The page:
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U.S. Plans to Back Bosnia Peace Pact with 20,000 Troops

U.S. Plans to Back Bosnia Peace Pact With 20,000 Troops

Los Angeles Times


The Clinton administration is making preliminary plans for deploying up to 20,000 U.S. ground troops to help with U.N. peacekeeping efforts in the Bosnia if talks in Geneva produce a peace accord to end the bitter conflict, U.S. officials said Monday.

But President Clinton said no final decision will be made on the precise number of troops and how they will be deployed until he is certain that any peace agreement is "fair, fully embraced by the Bosnian government, and is enforceable."

"The United States is prepared to participate in a multinational effort to keep the peace in Bosnia, but I want to see what the details are," Clinton said at a news conference. "I also want to know whose responsibility it is to stay for how long."

At the same time, both U.S. officials and private military experts cautioned that the decision will be a difficult one, complicated by the shrinking U.S. military budget, limited sea lift and airlift capability and a much smaller total force structure.

The president promised in February to provide U.S. troops to help enforce what then was expected to be the Vance-Owen peace accord in Bosnia, but that pact fell through and never was completed. Officials said the promise would hold for a new peace accord.

With the three warring factions in Bosnia -- the Bosnian Serbs, Croats and Muslims -- edging closer to a peace agreement, U.N. mediator Thorvald Stoltenberg has asked for assurances that U.S. troops will help enforce it. The administration's statements Monday were aimed at reiterating its intention to carry out its pledge.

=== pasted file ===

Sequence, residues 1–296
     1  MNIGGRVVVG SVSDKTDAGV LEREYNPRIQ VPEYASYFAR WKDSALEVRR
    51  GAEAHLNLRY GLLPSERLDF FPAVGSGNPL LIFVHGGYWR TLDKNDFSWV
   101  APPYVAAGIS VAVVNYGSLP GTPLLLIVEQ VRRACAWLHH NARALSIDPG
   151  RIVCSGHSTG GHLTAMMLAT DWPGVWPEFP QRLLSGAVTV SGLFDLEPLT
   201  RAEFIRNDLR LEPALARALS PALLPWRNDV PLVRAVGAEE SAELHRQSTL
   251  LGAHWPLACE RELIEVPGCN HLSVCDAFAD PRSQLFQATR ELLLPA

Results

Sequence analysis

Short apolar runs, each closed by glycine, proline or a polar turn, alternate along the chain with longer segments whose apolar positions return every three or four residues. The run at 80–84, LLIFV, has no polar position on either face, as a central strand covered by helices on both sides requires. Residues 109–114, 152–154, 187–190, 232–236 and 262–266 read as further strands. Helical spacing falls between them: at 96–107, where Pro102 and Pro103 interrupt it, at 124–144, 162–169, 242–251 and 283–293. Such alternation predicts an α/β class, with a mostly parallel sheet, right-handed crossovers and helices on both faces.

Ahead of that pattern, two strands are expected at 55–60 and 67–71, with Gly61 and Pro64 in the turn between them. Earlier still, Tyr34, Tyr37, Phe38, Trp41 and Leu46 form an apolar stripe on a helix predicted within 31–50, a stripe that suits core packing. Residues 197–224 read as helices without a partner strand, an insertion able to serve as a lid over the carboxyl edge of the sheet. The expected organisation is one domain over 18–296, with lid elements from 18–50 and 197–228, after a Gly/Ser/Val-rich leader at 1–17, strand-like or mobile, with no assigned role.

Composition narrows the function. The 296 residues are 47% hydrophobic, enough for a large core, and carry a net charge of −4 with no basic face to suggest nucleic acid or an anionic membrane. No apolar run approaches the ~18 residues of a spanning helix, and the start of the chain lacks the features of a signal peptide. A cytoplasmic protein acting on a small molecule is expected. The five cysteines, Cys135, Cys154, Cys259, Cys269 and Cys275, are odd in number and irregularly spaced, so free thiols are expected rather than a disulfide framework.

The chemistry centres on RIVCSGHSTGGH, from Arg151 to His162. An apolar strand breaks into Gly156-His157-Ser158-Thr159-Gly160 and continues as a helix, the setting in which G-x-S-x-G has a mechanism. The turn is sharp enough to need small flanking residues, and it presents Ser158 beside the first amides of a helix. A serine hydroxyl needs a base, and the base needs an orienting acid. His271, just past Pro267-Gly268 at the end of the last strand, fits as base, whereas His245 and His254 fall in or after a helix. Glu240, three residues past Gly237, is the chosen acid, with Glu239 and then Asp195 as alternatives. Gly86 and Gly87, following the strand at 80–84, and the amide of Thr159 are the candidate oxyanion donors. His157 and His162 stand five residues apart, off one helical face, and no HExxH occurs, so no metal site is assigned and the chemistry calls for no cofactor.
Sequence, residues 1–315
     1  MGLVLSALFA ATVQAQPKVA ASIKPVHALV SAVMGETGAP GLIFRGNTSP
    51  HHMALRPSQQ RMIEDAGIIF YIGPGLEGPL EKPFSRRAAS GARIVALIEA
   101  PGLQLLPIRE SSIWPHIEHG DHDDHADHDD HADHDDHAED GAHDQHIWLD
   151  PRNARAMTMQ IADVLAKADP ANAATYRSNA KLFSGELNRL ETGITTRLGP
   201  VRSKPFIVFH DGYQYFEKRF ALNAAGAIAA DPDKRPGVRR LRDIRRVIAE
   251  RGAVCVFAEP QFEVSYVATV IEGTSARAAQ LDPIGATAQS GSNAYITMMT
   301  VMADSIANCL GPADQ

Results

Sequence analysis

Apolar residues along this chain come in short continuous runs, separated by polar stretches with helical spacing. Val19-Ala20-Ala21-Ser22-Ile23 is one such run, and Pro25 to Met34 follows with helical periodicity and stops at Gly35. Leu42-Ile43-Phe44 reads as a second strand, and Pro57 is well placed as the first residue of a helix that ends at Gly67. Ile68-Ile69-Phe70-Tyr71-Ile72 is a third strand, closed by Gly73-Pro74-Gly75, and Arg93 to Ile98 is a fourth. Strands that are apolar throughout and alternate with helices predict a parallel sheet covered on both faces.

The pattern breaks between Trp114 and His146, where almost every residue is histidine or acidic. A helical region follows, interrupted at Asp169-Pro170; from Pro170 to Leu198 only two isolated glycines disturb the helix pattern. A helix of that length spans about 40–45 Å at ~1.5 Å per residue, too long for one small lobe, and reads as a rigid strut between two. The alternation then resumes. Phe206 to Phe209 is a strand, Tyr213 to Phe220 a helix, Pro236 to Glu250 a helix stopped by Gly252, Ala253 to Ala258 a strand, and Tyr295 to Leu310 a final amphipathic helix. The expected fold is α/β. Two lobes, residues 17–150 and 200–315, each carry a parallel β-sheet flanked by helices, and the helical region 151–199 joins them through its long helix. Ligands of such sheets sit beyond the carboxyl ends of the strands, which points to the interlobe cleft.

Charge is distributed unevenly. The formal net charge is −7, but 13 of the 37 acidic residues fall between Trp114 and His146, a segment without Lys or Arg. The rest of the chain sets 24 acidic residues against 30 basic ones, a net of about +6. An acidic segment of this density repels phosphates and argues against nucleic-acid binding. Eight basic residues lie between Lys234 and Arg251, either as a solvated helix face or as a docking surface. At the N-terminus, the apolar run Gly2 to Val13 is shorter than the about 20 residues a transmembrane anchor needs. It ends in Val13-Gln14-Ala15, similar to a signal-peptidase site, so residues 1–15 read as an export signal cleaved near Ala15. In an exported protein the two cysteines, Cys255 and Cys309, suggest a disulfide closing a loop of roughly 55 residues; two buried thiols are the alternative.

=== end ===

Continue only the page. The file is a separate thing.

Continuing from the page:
With Washington's approval, military planners at NATO also have begun drafting plans for some 40,000 NATO troops to take on the enforcement operations. U.S. authorities estimate that if that number holds firm, the United States will provide about 20,000 of these troops.

NATO officials say the preliminary planning now under way amounts mainly to updating and refocusing plans that the 16-country organization made in anticipation of the Vance-Owen accord last February, which have been kept on the shelf since the pact folded.

They said the organization has been reluctant to engage in full-scale, public planning operations because the details of the new pact are not settled and because NATO still is maintaining its threat to launch air strikes against the Serbs if Sarajevo is attacked.

Even if a new accord is signed in Geneva, the job of enforcing the pact could be a dangerous and lengthy one, military analysts say -- particularly if one or more of the three warring factions is unwilling to cooperate with the peacekeepers.

U.S. officials are pushing to move artillery and heavy equipment into the region as soon as they can after the pace is agreed to -- mostly from U.S. arsenals in Germany and other depots in Europe. They then would seek to impound the heavy weapons now being used by all three sides.